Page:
5 Tips for the First Year of College

Summary: Make a plan to achieve some early wins, whether it’s establishing a support network of peers and teachers or taking some summer classes to get started.

Find Success in Higher Education

Beginning college can be the start of an exciting chapter—campus activities, sporting events, new friends and roommates, and so much learning! However, being away from home and your routine, combined with so many new things, experiences, and expectations, can be overwhelming. In fact, nearly one-quarter of students who enroll in college drop out during their first year, reports the Education Data Initiative

While you may never have had to study as much or in the same way that professors require and course materials demand, knowing about college expectations can help you sidestep common mistakes and build up the confidence to take on new challenges. In this article, we’ll share some tips to help you get a strong start on your college experience.   

1. Map Your Two-Year or Four-Year Plan

Before you begin your first year, envision your end goal. Where do you want to be in two or four years? What are your career ambitions? Whether you are pursuing a two-year associate’s degree or a four-year bachelor’s degree, a series of courses are required to reach graduation and achieve the necessary educational prerequisites for an internship or entry-level career.  

Your college should have a list of courses for your degree with descriptions and a recommendation for the order to take them. If the courses aren’t listed by semester, you’ll want to write out your sequence of courses semester by semester. This written plan gives you an idea of what you need to accomplish and when; a college advisor or admissions officer can also map out your courses and degree requirements.

2. Ease Into It

After high school, it’s tempting to kick back and just enjoy summer break. A better plan might be to take a 2- or 3-hour summer college course—taking a summer course gives you a preview of most college-level classes. Entry-level courses are standard with all colleges and are typically transferable from one college to another. If you want to take a summer course, call your chosen college’s admissions office or check for what general education courses may be taken online, in-person, or through another college and transferred in.

Another way to ease into college is to take your first semester or entire first year at a community college. Community colleges typically have lower tuition costs and smaller student-to-teacher ratios than universities. A smaller college community makes it easier to access support if needed. However, if this differs from your destination college, check to see that your course credits will transfer and apply to your two- or four-year plan.

3. Read and Understand the Syllabus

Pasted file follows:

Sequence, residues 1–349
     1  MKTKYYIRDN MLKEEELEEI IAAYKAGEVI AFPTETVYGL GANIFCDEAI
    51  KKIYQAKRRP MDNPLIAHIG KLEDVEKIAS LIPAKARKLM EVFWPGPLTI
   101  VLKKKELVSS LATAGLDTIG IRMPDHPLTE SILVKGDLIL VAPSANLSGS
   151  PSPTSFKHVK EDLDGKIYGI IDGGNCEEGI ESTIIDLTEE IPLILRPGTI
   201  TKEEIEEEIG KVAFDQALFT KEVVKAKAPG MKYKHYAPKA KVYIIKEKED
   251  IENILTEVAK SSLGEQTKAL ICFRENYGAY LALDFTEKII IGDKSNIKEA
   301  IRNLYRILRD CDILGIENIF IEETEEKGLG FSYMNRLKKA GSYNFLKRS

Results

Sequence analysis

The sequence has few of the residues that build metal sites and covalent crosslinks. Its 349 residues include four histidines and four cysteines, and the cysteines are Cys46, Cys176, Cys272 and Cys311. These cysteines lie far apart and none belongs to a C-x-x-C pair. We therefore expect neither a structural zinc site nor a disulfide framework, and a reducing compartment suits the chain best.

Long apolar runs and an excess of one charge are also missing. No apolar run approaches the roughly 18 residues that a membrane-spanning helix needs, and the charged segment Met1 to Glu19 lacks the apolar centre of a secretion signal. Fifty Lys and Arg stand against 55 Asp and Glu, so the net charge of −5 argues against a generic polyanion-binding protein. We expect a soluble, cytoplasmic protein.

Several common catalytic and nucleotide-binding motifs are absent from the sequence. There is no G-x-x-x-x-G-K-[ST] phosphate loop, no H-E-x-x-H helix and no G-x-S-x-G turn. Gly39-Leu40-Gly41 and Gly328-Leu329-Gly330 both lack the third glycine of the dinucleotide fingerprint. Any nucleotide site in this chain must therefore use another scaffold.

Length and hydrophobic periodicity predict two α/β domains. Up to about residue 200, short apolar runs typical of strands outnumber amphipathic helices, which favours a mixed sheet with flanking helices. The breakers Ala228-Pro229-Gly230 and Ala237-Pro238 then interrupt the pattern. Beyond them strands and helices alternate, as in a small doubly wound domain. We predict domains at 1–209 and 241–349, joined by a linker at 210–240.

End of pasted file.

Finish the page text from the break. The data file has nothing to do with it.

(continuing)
Once you begin college classes, professors hand out or post a course syllabus that outlines the requirements to pass the class successfully. It contains the readings or texts needed for the course, assignments and due dates, and an exam schedule. If there are questions about the syllabus, don’t hesitate to ask them—chances are other students need the same explanation as you.

With each course syllabus, sit down with a paper or digital calendar and write in the due dates for assignments, projects, and exams. Set alerts or create timelines to start assignments and study times for exams. An Ohio University website suggests giving yourself at least five days to study for an exam rather than cramming at the last minute. According to sleep researchers, cramming or “pulling an all-nighter” actually impairs cognitive function on an exam. Instead, use an app or scheduling system for creating study or assignment schedules and exam reminders.

4. Attend Class (Seriously, Don’t Skip It!)

Going to class is never a wasted effort, whether in-person or virtually. Professors typically include attendance as part of their course requirements. Plus, information not addressed in the textbook or readings deepens your understanding of course topics, activities participation, study notes, or exam help are all things you can get from attending class.

Class discussion among peers also improves comprehension and understanding. Most importantly, class attendance lets the professor know that you are an engaged and active participant. Dr. Robert Keyser of Kennesaw State University identifies several research studies, including his own, that indicate a positive and direct correlation between attendance in class and higher grades.

5. Build a Support Network

Unlike high school, where teachers were easily available for help, you may need to seek help from multiple sources. Meeting with the professor should still be your first choice if you are struggling in a class. While a professor may offer solutions, typically, they do not provide direct tutoring. Instead, they may suggest study sessions led by a teaching assistant, offer resources, or assist in finding a study group. 

Colleges may also offer peer tutors, writing centers, or study centers. Academic advisors, dorm advisors, and classmates are also potential resources. It is always easier to reach out to classmates for help or to explain assignments if you have been attending class.

Setbacks Are Temporary

College is a personal and financial investment toward a career. Creating a college plan that is a straightforward path to graduation can help you progress significantly toward your career goals. Be prepared for challenges and remember that setbacks are temporary—whatever adversity or obstacle you face, address them early and use the resources available for support.

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